Center for People and Buildings

You are here: >>Does FM Contribute to Happiness in the Nordic C...

Does FM Contribute to Happiness in the Nordic Countries?

15 september 2016

This past August 29th and 30th, the Center for Facilities Management at Per Anker Jensen organized the second Nordic Conference at the DTU campus in Lyngby, Denmark. CfPB was in attendance. A brief report of some of the highlights follows.

Trends in Campuses and Learning Environments

A universal challenge for FM is working with ‘”old” ’ organizations (with a long history) where employees’ desire for change is often low. Relevant trends for the redevelopment of the campus at Technical University of Denmark and other universities include:

  • In an open world without borders, universities must compete with each other and must therefore be appealing to both staff and students.
  • Students are becoming more and more flexible and mobile, increasing the diversity of the student population.
  • Integration of education, research and innovation creates a knowledge triangle.
  • New ways of learning (experimental learning, multi- or interdisciplinary research) require different accommodations and services.
  • Less traditional classrooms seem necessary, with more variation in available spaces.
  • More integration of learning and living is needed, with e.g. sports facilities and good coffee nearby and a more urban feel.
  • Effective, efficient use of space needs to be more strongly encouraged.
  • Integrating IT in education (with students used to being constantly online) requires new modes of learning.
  • Universities must cooperate with the “outside world,” vocational institutions and society as a whole.
  • Facilities should be of a high standard in order to attract the best students and researchers. Physical space is important in bringing people together. An exclusively digital learning environment is not enough.

Ronald Beckers (Vocational Institution Arnhem Nijmegen) indicated in his presentation that the teacher’s role is evolving from leading to more of a coaching or supporting role. As the process changes, so must the setting, but is the current approach correct? Dutch vocational institutions have chosen to implement more open, informal spaces and less traditional classrooms. This doesn’t always match students’ needs. Students tend to take their individual work home, for more autonomy. For group work they prefer separate, enclosable (project) spaces at school. Wifi is very important, as of course are light and comfort. They’d rather avoid working nearby or in a café.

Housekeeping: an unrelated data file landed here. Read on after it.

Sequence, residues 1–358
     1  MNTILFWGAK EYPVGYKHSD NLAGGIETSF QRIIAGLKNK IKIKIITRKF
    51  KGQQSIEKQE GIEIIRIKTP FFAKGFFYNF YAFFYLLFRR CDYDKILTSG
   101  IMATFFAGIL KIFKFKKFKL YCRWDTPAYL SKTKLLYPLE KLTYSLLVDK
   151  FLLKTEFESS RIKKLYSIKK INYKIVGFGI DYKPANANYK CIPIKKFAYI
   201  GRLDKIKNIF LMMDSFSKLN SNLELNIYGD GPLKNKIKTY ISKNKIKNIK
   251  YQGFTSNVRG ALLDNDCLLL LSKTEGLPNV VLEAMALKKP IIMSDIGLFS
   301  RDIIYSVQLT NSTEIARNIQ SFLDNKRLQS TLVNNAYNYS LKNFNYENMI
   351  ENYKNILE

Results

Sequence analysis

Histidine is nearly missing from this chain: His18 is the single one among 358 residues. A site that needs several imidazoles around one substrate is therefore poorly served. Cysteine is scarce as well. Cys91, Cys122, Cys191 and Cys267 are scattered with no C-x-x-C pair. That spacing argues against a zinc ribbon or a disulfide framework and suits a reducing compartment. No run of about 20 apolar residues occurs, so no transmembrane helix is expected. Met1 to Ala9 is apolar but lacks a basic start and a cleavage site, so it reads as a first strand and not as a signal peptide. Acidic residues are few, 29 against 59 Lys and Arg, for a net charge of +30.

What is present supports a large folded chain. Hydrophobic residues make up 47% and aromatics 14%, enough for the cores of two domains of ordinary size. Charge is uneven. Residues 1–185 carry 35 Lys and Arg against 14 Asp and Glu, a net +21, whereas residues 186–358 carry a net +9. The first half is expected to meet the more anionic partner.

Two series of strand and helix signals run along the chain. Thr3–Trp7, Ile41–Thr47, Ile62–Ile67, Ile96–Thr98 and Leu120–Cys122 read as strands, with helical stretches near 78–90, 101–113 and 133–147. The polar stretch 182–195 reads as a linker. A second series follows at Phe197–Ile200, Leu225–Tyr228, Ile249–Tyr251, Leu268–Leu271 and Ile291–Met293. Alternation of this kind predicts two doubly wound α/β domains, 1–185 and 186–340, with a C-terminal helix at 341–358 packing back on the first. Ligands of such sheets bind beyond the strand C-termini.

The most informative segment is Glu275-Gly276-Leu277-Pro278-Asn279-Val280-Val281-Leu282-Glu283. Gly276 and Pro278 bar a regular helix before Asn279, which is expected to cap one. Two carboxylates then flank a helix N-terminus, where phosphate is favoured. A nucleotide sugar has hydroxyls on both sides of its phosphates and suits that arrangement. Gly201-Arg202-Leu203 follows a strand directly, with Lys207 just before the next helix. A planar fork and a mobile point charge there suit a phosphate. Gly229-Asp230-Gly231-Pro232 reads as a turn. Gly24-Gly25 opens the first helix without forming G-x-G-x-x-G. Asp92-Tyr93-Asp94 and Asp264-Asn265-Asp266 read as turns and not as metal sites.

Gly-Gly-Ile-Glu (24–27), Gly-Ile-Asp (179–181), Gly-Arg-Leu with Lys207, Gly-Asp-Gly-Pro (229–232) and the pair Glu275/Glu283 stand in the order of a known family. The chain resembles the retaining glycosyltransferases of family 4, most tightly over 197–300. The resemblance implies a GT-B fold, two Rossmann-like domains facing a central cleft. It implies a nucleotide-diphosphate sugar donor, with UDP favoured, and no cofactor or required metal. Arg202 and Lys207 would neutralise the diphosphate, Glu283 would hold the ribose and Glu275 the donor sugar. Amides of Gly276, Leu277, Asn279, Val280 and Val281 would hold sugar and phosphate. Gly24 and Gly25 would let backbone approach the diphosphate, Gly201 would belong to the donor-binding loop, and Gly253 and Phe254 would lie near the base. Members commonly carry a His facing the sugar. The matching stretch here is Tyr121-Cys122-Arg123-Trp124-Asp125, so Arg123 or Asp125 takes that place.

Ollie Niemi (Adjunct Professor at University Properties of Finland Ltd.) also mentioned the challenge of moving the focus from teaching to learning and how changing the environment is a social process. Users receive better value when we look together at “what could be” instead of “what is.” Co-creation could be a solution for universities, instead of the current interminable discussions on who’s responsible for what and who should pay, says Niemi.


Creating added value with FM, the focus of this two-day conference, was approached from various perspectives during the event. The co-creation mentioned by Niemi cropped up multiple times as a possible solution. This involves concentrating on the (end) user and their experiences, with FM focusing more on Business-to-Customer (instead of B2B) and packaged services (instead of separate services) matched to the customer’s needs.

The hospitality industry is also becoming more aware of the value of co-creation and working together to improve the customer or user experience.

The question is, which provides the added value; the facilities and services or the human factor? Can we treat FM as an experience economy? And is a bottom-up approach possible within FM? Or would people then experience too many hurdles during the decision-making process? Some key points to emerge included:

  • Tensions between costs/efficiency and what users and customers want or see.
  • Desirability of training FM “receivers” to increase their knowledge, understanding and awareness of what to expect.
  • Knowing the users; who they are, and what they do, say, experience and mean, and the challenges involved in getting this knowledge to FM organizations.

New Book and Some Nice Quotes from the Conference

On the second day, Per Anker Jensen and Theo van der Voordt presented their new book, “Facilities Management and Corporate Real Estate Management as Value Drivers: How to Manage and Measure Adding Value?”

  • “A building can never have too much coffee or too many electrical outlets."
  • “When the process changes, so should the setting. But are we doing it right?”
  • “The context determines what makes the best office.”
  • “Companies can’t create the value, only present it. When customers accept it, then there is value” (Claire Esther Staddon Forder)
  • “Usability = the quality of a building = the relationship between people and the building” (Aneta Fronczek-Munter)